- Girls with AIS
- Curve magnitude of more than 10° as measured by the Cobb method
- Date of menarche well documented
- Minimum of 4 visits to our institution over a at least 2 years around the time of occurrence of menarche
The time interval subject to study was from 2 years before to 5 years after menarche. Height and Cobb angle measurements were performed at 6 (±3) month intervals. Height measurements were recorded by the nursing stuff. Patients to be measured hat to be standing, looking straight ahead and without wearing shoes or brace. Height was recorded in centimeters using a wall-mounted ruler with a perpendicular slide. The Cobb angle was measured from X-rays by a single senior clinician who carried out two measurements in order to reduce intraobserver variability . All radiographs were posteroanterior projection with the patient standing and were always taken out of the brace in follow-up evaluations.
Height growth velocity (height increase divided by the time interval between two consecutive medical controls, expressed in centimetres per year):
Angular velocity (angle increase divided by the time interval between two consecutive medical controls, expressed in angle degrees per year):
Treatment management categorized into three groups: observation, bracing and/or surgical treatment
Progression of the curve, progressive curves being defined as those increasing by at least 5 degrees per year during the follow-up time
Treatment management was recorded as a variable with 3 categories: observation, bracing with a thoracolumbosacral orthoses (TLSO) and/or surgical treatment. Patients observed over a period of time who later required bracing were first included in the observation group until the time that the brace was prescribed, and then transferred to the orthosis group as of that time. There were 3 girls initially treated with a brace who dropped out of the study when surgical treatment was required.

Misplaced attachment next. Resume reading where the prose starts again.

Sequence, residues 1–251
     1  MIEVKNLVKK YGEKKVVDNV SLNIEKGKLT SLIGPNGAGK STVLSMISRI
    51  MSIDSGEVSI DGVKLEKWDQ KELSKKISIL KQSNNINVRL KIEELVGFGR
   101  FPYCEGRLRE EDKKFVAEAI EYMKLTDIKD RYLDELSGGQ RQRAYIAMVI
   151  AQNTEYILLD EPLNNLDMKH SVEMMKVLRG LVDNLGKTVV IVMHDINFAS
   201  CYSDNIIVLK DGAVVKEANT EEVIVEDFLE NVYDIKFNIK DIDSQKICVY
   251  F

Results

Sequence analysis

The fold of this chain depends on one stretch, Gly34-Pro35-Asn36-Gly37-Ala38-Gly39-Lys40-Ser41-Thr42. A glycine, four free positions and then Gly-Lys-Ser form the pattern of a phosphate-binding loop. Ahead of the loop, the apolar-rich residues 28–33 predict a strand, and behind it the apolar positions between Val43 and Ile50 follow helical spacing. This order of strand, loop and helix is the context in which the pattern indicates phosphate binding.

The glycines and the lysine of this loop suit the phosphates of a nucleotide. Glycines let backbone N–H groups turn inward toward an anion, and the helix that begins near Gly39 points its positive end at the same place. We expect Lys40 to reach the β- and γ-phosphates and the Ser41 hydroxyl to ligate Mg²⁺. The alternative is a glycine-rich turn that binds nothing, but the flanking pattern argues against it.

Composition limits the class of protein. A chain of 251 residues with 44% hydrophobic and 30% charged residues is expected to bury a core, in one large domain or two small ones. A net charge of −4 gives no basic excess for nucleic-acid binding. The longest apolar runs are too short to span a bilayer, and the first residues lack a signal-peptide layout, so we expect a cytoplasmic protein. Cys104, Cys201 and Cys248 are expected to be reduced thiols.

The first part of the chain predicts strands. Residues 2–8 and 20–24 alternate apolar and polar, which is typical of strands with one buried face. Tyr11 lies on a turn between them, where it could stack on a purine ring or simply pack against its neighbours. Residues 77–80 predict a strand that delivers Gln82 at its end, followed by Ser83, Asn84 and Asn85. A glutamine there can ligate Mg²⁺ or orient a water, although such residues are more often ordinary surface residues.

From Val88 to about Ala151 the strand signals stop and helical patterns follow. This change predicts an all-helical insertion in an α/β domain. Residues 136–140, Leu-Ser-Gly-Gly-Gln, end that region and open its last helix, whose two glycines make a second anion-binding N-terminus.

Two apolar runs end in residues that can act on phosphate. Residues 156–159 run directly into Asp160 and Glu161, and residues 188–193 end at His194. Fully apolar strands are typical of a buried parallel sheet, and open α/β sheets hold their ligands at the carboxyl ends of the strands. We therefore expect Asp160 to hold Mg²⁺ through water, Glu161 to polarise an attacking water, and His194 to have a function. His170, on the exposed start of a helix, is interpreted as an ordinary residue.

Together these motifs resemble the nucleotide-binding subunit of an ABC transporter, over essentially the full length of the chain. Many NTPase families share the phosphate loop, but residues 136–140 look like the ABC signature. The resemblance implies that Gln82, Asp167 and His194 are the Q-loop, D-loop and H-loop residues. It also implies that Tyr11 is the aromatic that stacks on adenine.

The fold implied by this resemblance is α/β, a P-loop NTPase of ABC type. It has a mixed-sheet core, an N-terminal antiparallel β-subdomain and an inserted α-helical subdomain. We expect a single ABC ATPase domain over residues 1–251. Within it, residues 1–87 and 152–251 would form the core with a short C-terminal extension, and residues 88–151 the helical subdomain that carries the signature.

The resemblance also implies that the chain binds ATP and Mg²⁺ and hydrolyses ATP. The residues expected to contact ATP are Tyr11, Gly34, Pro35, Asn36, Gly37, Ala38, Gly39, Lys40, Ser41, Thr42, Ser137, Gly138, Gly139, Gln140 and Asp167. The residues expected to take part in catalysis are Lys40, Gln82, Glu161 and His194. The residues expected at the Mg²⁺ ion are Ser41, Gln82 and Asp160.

General characteristics of the sample (n = 132).
Age at time of diagnosis
11.6 (SD 2.47) years
12.8 (SD 1.18) years
Curve length (number of vertebrae)
Cobb angle (at time of menarche)
20.3 (SD 11.42)
Type of treatment:
Categorical variables are presented as percentage and absolute values. Quantitative variables are presented with their mean and standard deviation. Changes in angle velocity were evaluated in a Linear Mixed Model. The method used was a Restricted Maximum Lilkelihood where angle velocity was the dependent variable. Height growth velocity was included as a predictor, patient number as a random effect and moment as a fixed effect. Statistical analysis was performed by R-software version 2.62 . The level of statistical significance was 0.05 for all hypothesis comparisons.
The mean follow-up time was 39.6 (SD 17.6) months (range: 18-87 months). The mean age at the time of diagnosis was 11.6 (SD 2.5) years and the mean menarchal age was 12.8 (SD 1.9) years. The most frequently observed curves were lumbar (38.6%) with an average length of 6.0 (SD 1.5) vertebrae. Of the 132 participants in the study, 88 (66.7%) girls were managed with observation and only 44 girls (33.3%) were managed with a brace. The general characteristics of the sample are detailed in Table 1.
Distribution of curve patterns and Cobb angles (n = 132)
(n = 88)
(n = 44)
- At time of maximal angle growth
(1 year before menarche)
11.8 (SD 3.1)
25.0 (SD 6.21)
- At time of menarche
13.4 (SD 4.46)
24.0 (SD 12.28)
Relationship between angle and height velocities
Premenarche period (2 years to menarche)
Post-menarche period (menarche to end of follow up)
This study examines the time of occurrence of peak angular velocity in a group of girls with AIS and looks for correlations between height velocity and angle velocity.
Before attempting any further discussion of these findings, some limitations of the present study should be noted. Many shortcomings appear whenever scoliosis and/or growth are studied [14, 16–20] and they are probably the reason for the shortage of prospective and conclusive studies on this subject. Prospective works are difficult to perform because of the long follow-up period and this is why most papers in medical literature are transversal studies or retrospective cohort studies. The work by Nachemson et al [14, 20] deserves especial mention as the only prospective work on the effectiveness of bracing in the treatment of AIS.